Fulton County led the 13 county area with most foreclosures in September at 2,666; edging out Gwinnett County which followed with a close second at 2,304.  DeKalb County totals came in third at 1,770 followed by Cobb and Clayton with 1,474 and 994, respectively.

What does all this mean for the Atlanta real estate market...

Atlanta Foreclosures On The Rise

A record number of Atlanta foreclosures were on the chopping block at county auctions across Metro Atlanta on Tuesday. Estimates report over 10,000 homes were up for grabs.  This number includes a record 2,500 homes in Gwinnett County -- one of the hardest hit areas during this economic recession.

What Does this mean for Atlanta Real Estate?

Well...there's good news and there's bad news.  Good news first.  Because of the sheer volume of foreclosures hitting the market this summer, it's a great time to take be a buyer.  Prices will continue to remain at their 2001/2002 levels and with historically low interest rates, affordability is the name of the game.


Atlanta Real Estate Prices Down 15.7%

The most recent S&P/Case-Shiller Index (April) indicates a 19.1 percent decline in the average homes prices nationwide versus the same time last year.  Statistics led Standard and Poor's to report:

We see no evidence that a recovery in home prices has begun.

The Case-Shiller report included a survey of the 20 major metropolitan areas and show that Phoenix, Las Vegas and San Francisco suffered the most significant declines in housing prices over the past year —all posting losses over 30 percent in the last 12 months.

How's Altanta Real Estate Holding Up?

Well...there's good news and there's bad news. Bad news first: Atlanta experienced a 15.7% decline in average real estate prices since April 2008. The good news? On Tuesday I had the pleasure of doing an interview with Fox News and Fox Business Network...where I laid it on the line and predicted prices won’t drop much further from their current lows here in Atlanta. But I do...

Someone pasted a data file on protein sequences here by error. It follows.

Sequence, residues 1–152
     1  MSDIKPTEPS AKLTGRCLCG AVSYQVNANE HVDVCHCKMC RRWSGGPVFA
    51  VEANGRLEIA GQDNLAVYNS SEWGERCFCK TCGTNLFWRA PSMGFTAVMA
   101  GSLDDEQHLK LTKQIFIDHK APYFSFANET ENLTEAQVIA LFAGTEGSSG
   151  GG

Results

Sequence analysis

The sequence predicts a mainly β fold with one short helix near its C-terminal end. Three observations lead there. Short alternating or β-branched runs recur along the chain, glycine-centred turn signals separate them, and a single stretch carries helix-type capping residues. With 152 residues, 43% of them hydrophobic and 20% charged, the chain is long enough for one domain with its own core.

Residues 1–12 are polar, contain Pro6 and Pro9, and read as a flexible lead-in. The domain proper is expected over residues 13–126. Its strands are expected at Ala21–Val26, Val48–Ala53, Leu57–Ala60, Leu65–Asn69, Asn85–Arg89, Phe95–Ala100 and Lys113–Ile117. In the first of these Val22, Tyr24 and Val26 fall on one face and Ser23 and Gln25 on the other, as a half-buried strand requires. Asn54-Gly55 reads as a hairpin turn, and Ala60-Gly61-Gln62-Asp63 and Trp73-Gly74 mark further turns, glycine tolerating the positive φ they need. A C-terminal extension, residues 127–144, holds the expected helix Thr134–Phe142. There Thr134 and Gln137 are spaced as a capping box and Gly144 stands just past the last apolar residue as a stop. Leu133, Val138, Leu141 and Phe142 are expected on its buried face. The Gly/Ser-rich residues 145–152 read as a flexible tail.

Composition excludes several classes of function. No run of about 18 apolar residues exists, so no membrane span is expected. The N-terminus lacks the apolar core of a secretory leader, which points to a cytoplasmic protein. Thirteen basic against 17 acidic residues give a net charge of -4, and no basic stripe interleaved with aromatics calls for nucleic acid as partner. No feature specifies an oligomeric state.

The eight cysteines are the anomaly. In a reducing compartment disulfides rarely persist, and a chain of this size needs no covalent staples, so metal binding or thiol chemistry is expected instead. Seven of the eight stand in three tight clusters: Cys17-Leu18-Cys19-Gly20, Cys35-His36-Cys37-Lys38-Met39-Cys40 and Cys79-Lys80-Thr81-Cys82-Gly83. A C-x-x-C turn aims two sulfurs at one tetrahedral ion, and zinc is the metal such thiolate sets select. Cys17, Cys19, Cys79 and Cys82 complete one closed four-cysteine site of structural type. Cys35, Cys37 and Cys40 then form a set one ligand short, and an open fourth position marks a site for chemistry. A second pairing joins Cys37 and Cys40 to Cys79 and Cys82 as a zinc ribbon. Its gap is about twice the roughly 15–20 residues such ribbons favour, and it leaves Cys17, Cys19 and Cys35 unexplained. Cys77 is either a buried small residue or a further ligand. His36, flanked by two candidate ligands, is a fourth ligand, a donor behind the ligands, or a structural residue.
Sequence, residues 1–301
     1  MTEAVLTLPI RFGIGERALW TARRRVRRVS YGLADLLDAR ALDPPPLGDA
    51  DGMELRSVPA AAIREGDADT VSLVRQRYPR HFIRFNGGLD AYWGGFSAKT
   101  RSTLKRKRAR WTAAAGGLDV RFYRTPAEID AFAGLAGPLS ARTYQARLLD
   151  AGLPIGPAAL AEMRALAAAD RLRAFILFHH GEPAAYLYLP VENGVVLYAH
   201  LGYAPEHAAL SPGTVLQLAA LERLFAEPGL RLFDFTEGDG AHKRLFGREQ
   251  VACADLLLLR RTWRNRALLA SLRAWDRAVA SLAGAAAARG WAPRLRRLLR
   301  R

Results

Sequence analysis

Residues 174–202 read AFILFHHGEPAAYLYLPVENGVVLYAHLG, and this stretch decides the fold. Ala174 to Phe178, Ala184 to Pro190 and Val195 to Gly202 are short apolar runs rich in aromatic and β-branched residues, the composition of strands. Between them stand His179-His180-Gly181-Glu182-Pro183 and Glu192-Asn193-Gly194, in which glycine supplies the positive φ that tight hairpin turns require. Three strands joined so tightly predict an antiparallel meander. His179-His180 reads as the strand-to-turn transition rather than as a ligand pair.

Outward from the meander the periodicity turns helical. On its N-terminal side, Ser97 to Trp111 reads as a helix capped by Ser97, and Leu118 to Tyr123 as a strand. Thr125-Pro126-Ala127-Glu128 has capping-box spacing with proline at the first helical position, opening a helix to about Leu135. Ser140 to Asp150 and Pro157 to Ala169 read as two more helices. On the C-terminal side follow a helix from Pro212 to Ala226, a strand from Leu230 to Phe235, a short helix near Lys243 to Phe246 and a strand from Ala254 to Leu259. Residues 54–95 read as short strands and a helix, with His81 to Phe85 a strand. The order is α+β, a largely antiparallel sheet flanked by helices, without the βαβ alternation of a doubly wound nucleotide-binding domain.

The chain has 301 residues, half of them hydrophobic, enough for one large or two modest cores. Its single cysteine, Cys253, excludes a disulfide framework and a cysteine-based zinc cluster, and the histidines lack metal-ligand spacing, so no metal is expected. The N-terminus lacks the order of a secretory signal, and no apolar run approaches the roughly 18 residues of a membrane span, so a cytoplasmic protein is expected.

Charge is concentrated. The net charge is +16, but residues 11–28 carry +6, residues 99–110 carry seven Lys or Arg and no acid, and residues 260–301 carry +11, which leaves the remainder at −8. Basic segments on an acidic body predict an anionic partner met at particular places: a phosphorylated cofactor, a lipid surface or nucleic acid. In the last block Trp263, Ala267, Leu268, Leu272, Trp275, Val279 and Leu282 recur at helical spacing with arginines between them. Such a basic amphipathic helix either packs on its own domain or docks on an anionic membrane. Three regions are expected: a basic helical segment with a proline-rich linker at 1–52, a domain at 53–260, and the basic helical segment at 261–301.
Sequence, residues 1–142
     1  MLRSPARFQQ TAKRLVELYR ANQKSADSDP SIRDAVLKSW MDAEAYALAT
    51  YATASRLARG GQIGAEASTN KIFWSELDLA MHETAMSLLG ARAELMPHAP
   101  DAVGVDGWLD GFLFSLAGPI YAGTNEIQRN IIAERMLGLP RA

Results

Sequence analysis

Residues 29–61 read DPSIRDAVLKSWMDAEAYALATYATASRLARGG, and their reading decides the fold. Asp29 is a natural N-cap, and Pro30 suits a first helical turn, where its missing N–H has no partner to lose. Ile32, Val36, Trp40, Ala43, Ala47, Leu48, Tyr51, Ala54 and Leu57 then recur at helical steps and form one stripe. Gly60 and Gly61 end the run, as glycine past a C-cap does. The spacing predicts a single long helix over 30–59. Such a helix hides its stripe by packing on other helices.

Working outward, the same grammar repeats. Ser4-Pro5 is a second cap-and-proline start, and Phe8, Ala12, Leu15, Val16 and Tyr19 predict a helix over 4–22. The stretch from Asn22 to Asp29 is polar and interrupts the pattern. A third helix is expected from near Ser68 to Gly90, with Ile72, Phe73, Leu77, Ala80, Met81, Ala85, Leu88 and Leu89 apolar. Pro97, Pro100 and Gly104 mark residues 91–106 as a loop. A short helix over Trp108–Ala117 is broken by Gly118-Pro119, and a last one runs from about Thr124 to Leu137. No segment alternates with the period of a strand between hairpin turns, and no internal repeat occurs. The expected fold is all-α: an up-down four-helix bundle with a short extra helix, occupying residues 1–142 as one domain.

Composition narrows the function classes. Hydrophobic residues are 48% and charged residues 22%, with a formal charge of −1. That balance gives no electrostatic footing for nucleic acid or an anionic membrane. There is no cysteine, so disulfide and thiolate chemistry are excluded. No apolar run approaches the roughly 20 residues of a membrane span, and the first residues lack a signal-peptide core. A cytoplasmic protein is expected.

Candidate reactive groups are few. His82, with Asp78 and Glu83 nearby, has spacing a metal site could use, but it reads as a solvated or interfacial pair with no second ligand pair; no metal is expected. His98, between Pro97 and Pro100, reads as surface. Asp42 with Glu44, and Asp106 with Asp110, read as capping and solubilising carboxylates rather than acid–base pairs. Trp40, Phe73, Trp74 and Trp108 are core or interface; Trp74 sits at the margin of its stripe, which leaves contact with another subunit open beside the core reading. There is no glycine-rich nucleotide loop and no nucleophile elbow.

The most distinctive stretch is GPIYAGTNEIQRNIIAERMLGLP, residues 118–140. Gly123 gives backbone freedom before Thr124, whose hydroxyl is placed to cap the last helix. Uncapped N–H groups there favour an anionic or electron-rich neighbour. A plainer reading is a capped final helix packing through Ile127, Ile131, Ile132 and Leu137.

Atlanta Foreclosures

The Atlanta foreclosure problem continues to get worse.  According to, which tracks foreclosures, more than 10,000 bank-owned properties are scheduled to be sold on courthouse steps next month.  The 13 county Metro Atlanta area shows 10,138 foreclosures scheduled this month.  That's nearly 1,700 homes more than the previous record at 8,425.


How do you spell relief?

Ruth Simon of the (WallStreet Journal) had this to say on how the recent cooling in the real estate market effects home value:

As the housing market cools, one of the hardest decisions facing home sellers is how to price their properties.

Traditionally, brokers have set listing prices by reviewing how much comparable homes sold for in a neighborhood. Now, with prices edging lower in many places and the number of homes on the market climbing, checking comparable sales is becoming less useful. At the same time, many would-be buyers are sitting on the sidelines, waiting to see how far prices will fall. Bigger inventories of unsold homes also are making it harder for sellers to figure out how to make their house stand out amid the competition.
Amen. We've actually seen the absorption rates for Intown Atlanta (a primary indicator of the health of the marketplace)...